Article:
The Court held PP had not made a counter-offer nor had any such offer (if made) been accepted. There was therefore no contract between PP and Mr Longley at a stake of GBP13,000 each way.

Doctrine of Mistake

Under the doctrine of mistake, a contract can be voided by the Court. PP contended that it could rely on either the doctrine of unilateral mistake, or mutual mistake. Its position was either:

  1. there had been a contract for a bet of GBP1,300 each way, by reason of PP’s unilateral mistake, which is where one party is mistaken and the other knows or ought to have known of the mistake; or
  2. there had been no contract, by reason by the parties’ mutual mistake, which is where the parties are at cross-purpose with one another.

The Court held that PP had no intention of accepting a bet at a higher stake than GBP1,300, which is what Mr Longley had originally requested, and that Mr Longley was aware of this. The Court held that if the alleged counter-offer was indeed to be cons1d as such, Mr Longley knew it contained a mistake as to the relevant term and that it did not reflect PP’s real intention, but, nevertheless, he “snapped it up”.

On this basis, it was held that a contract for a bet of GBP13,000 each way did not exist between the parties. Additionally, the Court held that even if such a contract existed, Mr Longley was unable to enforce that contract because of his actual knowledge. PP did not intend to offer nor accept a bet other than his initial request, which was a bet of GBP1,300 each way. The defence of unilateral mistake was made out2. Had the defence of unilateral mistake not been established, however, the defence of mutual mistake failed, as the parties were not at cross-purposes as to subject matter of the contract.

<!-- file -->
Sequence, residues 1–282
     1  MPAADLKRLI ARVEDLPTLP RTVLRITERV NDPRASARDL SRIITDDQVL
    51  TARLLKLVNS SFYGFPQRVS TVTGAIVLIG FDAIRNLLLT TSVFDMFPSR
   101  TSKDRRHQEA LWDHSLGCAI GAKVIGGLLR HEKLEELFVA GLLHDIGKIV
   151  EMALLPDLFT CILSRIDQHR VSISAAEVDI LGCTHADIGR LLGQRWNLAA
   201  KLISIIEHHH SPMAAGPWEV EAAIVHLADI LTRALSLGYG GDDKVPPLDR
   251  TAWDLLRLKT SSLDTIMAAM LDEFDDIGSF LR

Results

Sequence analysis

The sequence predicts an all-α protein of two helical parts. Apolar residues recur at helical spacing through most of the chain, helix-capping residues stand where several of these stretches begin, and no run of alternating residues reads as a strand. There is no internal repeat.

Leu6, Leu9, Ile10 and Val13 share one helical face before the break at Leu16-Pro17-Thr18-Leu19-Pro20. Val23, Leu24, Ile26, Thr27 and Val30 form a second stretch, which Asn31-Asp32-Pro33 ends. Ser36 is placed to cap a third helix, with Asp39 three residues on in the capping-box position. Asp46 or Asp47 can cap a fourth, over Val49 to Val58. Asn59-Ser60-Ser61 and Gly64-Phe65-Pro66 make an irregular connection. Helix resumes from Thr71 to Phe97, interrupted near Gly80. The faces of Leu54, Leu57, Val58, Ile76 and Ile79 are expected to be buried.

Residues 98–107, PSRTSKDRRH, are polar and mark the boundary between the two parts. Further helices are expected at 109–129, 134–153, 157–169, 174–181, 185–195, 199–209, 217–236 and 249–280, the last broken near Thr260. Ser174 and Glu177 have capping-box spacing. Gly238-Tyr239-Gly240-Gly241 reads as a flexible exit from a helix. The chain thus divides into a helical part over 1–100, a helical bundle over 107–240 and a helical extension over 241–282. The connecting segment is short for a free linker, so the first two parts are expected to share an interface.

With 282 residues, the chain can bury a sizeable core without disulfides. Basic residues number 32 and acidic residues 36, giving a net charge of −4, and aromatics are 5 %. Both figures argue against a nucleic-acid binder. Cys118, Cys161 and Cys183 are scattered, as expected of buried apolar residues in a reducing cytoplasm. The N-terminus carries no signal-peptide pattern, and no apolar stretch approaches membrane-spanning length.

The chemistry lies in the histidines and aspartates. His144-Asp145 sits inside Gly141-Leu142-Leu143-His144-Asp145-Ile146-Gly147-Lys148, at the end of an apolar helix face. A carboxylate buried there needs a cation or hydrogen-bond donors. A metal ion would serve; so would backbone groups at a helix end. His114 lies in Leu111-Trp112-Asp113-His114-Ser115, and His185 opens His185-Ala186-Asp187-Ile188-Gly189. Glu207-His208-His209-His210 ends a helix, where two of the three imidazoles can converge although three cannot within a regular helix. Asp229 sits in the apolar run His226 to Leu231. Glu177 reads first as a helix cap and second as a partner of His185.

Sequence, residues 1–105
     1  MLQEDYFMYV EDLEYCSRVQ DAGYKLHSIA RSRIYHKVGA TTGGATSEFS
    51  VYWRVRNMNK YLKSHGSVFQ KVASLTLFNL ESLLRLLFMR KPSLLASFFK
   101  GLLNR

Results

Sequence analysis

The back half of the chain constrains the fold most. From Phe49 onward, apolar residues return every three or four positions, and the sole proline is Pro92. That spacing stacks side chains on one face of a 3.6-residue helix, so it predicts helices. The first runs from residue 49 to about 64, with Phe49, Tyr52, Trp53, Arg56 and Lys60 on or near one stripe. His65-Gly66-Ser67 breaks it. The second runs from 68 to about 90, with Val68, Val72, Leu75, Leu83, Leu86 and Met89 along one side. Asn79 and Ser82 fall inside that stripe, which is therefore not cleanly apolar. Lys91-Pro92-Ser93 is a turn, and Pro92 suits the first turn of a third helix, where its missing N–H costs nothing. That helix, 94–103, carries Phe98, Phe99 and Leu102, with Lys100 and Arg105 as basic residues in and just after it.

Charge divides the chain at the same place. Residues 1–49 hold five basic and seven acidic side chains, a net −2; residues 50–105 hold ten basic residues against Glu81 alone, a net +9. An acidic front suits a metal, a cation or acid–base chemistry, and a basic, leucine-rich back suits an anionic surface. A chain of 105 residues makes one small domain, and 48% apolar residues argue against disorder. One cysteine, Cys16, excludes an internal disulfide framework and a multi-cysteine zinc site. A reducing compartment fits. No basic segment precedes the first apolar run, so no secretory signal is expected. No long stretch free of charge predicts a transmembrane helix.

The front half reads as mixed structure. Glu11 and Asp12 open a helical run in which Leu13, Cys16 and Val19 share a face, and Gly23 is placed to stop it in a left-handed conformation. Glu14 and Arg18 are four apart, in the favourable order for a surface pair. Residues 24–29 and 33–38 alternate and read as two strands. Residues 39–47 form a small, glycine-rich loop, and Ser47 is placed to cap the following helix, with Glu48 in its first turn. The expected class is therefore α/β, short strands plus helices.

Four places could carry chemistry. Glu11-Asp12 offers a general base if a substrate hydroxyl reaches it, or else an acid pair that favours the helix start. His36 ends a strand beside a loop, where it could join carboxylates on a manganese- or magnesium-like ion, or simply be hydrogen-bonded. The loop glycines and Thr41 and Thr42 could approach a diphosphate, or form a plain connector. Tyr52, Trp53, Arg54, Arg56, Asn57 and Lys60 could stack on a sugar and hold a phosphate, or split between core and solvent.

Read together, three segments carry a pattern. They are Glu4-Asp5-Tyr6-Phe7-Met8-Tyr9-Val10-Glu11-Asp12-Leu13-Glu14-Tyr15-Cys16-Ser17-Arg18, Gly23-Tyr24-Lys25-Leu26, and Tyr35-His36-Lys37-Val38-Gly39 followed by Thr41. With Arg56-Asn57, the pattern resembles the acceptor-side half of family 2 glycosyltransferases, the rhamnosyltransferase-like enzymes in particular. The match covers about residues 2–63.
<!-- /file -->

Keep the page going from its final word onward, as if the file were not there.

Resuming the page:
Exclusion clause

The Court went on to consider that whether, if a contract for a bet of GBP13,000 each way had come into being, PP was entitled to rely on clause 16 of its standard terms and conditions. Clause 16 provided that if a customer is “incorrectly awarded any winnings as a result of (a) human error… then Paddy Power will not be liable to pay you any such winnings and you agree to refund any such winnings that may have been paid to you as a result of such error or mistake”.

Mr Longley had challenged PP’s ability to rely on this, contending that (i) clause 16 should have been signposted appropriately, instead of forming part of a lengthy document which adopted misleading or confusing language and (ii) clause 16 was an unfair term which was not binding upon him pursuant to s 62(1) of the Consumer Rights Act 2015 (CRA 2015). 

The Court held that clause 16 was fair pursuant to the CRA 2015 as it had a clear meaning and did not lack transparency nor contain concealed pitfalls. In considering the requirement of good faith (as required by s 62 CRA 2015), the Court held that clause 16 did not give rise to any significant imbalance in the parties’ rights, to the detriment of Mr Longley. The contention that clause 16 was unfair was accordingly rejected, as the Court further held that clause 16 afforded Mr Longley an open dealing such that a reasonable consumer (including someone in Mr Longley’s position) would have agreed to the term.


Langley is the third recent decision concerning gambling operators to reach the Courts in recent months, with Goodram v Camelot (written about here), and Green v Betfred (written about here) each raising similar issues regarding incorporation of terms and the ability of businesses to rely on exclusion clauses. The cases provide a useful reminder to all businesses to regularly review their terms and conditions and ensure that appropriate consideration is given to the wording of, and attention given to, terms which may be considered onerous, from a customer facing perspective.

1 Longley v PPB Entertainment Ltd and others [2022] EWHC 977 (QB)
2 Whilst, in a different case, the question might then arise as to whether the apparent contract was void ab initio, or whether there was a contract on the terms intended by the mistaken party, in this case, it did not — Paddy Power paid out on an each way bet of GBP1,300, and did not seek to recover the moneys paid out.